I’‘ve been in the security game for a while and I can be pretty hard on irresponsible disclosure (some vendors are really on my bad side), but Maynor and Ellch got caught up in something well beyond their intentions, and there aren’‘t any realy ways to address the problem right now. I suspect time will help validate them.

BTW- I appreciate everyone’s maturity in the comments on this site. We seem to be avoiding the flame battles from other sites.

By rmogull

Good points lonewolf. I agree that Rich does lay out the best defense so far for the "researchers", but I think that’s mainly because it’s in the context of arguing against the daring fireball challenge. I also agree that Maynor and Ellch are trying to have it both ways by hyping things up in the press and then acting like this is not meant for general public discussion (which is also elitist). Not to mention that their actions seem completely out of the realm of "responsible disclosure". My prediction, like yours, is that they’‘re going to try and do analysis of the public reaction at Toorcon to shift the focus from the supposed exploit.

By dgtruckses


You provide by far the most rational and well-elucidated defence of the researchers so far. But even supposing that they have really discovered an exploit against the stock MacBook drivers, your central arguments that the findings of their work was

1) not meant for general public discussion, and was really targeted to the security community
2) done in a responsible disclosure manner

are kind of weak.

My questions would be

1) If they did not intend their work to be challenged and dissected by the "general public", why did they release a video demo and gave interviews to the press? WP and ZDnet are not exactly technical publications, let alone ones competent to report on technical details on security. Shouldn’‘t they have written up a paper and submitted it to a journal like ACM or equivalent? Now that this has caught the attention of everyone (including those whom I think are a bit over-zealous), they now turn around and say "You guys have no right to ask or comment on anything because what we did & reported is not meant for you". Isn’‘t this a bit hypocritical?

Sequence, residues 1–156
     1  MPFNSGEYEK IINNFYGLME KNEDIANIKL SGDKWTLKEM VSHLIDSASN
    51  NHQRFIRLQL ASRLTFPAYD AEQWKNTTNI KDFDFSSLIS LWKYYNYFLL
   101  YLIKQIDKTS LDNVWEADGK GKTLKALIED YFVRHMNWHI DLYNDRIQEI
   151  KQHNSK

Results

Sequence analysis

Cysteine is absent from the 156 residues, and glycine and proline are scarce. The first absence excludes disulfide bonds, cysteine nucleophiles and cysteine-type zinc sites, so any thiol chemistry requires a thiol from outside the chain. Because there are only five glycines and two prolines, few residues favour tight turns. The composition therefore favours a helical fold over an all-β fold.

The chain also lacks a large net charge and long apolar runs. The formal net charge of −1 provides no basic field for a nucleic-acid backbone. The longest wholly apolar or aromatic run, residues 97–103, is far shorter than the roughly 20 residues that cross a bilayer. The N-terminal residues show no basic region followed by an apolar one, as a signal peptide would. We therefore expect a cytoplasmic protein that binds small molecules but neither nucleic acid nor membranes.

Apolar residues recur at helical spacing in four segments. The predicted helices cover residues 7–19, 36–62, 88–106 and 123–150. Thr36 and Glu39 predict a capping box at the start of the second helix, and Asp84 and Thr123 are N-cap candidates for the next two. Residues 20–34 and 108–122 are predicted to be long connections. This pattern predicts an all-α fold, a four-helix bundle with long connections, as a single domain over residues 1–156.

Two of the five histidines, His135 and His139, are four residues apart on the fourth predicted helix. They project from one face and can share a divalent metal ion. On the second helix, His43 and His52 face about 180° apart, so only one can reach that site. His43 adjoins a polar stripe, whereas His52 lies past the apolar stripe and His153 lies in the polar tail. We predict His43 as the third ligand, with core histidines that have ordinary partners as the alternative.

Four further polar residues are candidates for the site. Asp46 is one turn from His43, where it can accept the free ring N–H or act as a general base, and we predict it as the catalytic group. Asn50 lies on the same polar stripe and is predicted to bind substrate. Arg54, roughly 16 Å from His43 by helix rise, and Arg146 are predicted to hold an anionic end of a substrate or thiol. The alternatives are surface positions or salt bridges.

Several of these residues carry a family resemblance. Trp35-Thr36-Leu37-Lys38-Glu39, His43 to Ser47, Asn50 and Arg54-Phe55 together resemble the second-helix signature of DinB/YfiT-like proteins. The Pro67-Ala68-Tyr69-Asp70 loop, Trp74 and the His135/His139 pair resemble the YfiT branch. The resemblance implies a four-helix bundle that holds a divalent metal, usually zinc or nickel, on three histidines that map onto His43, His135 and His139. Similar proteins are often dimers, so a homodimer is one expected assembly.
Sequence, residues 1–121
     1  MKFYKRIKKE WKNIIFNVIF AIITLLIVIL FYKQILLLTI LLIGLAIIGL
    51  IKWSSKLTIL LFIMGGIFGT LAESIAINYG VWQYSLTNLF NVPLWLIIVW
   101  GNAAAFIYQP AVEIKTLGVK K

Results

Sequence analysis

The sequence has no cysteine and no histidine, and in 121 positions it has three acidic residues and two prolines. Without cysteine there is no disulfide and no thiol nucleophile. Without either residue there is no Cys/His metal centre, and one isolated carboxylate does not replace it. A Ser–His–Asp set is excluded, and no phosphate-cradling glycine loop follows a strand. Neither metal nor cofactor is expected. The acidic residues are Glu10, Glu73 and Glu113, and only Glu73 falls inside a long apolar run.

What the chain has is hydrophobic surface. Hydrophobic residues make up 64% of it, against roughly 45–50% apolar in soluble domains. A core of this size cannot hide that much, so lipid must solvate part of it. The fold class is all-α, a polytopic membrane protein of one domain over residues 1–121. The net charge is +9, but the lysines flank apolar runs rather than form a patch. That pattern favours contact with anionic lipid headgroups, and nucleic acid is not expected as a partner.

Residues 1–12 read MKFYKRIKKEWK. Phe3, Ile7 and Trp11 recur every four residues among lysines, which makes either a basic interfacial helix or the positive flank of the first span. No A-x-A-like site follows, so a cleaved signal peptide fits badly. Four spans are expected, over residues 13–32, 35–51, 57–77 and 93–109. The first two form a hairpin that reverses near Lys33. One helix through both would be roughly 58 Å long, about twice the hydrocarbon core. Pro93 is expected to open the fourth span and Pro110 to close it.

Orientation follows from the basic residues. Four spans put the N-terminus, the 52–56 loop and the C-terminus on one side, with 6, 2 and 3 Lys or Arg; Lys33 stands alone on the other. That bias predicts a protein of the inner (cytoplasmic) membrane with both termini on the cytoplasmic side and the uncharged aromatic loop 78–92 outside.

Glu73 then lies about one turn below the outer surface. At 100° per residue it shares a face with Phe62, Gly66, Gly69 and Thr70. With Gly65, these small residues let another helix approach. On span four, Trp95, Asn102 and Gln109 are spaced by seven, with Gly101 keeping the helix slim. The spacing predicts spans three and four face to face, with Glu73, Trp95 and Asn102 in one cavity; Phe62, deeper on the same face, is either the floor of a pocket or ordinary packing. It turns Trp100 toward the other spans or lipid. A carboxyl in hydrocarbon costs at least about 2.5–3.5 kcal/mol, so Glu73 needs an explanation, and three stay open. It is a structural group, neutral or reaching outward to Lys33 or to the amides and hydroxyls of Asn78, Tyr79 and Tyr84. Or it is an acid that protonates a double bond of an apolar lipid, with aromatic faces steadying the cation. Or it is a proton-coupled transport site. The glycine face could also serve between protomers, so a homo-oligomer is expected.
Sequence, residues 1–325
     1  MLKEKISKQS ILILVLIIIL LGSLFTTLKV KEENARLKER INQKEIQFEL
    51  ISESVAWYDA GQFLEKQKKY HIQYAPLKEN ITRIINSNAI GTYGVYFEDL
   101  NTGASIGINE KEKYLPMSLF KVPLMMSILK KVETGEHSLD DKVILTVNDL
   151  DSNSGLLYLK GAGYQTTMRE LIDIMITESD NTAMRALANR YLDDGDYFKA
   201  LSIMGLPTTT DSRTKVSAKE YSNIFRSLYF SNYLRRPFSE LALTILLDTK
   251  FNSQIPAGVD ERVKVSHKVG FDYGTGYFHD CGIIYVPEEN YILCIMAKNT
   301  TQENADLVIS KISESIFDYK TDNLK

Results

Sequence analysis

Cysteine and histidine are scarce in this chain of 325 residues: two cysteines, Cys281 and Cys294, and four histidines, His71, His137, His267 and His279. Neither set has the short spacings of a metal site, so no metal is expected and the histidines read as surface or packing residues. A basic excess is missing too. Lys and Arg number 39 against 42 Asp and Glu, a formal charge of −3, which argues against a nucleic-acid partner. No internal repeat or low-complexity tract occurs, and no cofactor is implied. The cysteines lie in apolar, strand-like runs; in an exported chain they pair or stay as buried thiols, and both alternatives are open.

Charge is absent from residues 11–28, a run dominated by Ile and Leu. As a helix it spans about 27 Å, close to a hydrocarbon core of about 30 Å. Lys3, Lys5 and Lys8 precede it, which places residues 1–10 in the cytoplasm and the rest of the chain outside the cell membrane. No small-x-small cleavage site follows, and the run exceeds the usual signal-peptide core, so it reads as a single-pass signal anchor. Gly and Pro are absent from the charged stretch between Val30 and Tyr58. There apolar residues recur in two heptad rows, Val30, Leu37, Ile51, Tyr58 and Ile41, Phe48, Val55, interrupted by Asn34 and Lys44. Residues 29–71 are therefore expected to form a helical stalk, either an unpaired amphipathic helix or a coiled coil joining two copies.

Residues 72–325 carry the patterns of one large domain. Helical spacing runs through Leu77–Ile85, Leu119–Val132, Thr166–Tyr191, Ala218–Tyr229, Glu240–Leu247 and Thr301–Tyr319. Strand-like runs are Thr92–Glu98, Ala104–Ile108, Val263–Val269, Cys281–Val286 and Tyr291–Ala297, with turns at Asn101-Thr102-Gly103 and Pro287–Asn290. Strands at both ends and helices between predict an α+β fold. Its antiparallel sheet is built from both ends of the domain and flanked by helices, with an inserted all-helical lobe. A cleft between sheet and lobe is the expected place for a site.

2) If they (and the company they work for) really practice responsible disclosure policy, then why did David Maynor tell Brian Krebs that the MacBook is similarly vulnerable to the same exploit? And even showed a demo of it to him in private. Don’‘t you think responsible disclosure policy necessitate the caution that the last thing you want to do is tell these things to a newspaper reporter? Now if he did not do that, then Brian Krebs must be lying, then shouldn’‘t David Maynor just say "At no point in time did I discuss stock MacBook drivers with the Washington Post". He can easily do this without divulging whether the drivers are indeed exploitable, no? The fact that he has choosen to remain silent give the general perception that he did indeed talk about the MacBook drivers with Krebs. So in that case, if the drivers are indeed exploitable, he (and the company he represent) have NOT practiced responsible disclosure policy. Don’‘t you agree?

I’‘m a techie and I emphatize with the researchers for some of the abuse that has been heaped on them, but your main arguments to support them are weak, I’‘m sorry to say. I feel that they have not acted responsibly and professionally. I hope they redeem themselves in Toorcon. But just looking at the synopsis of their talk there, I have a feeling that they are going to set their presentation up as "All these Apple fanboys are going to destroy security research on the Mac platform" kind of talk. I hope I’‘m wrong but let’s see ......

By lonewolf

Thanks for the clarification on "equal stakes."  I misread your post as you do make that clear in the orginial posting.

By bkwatch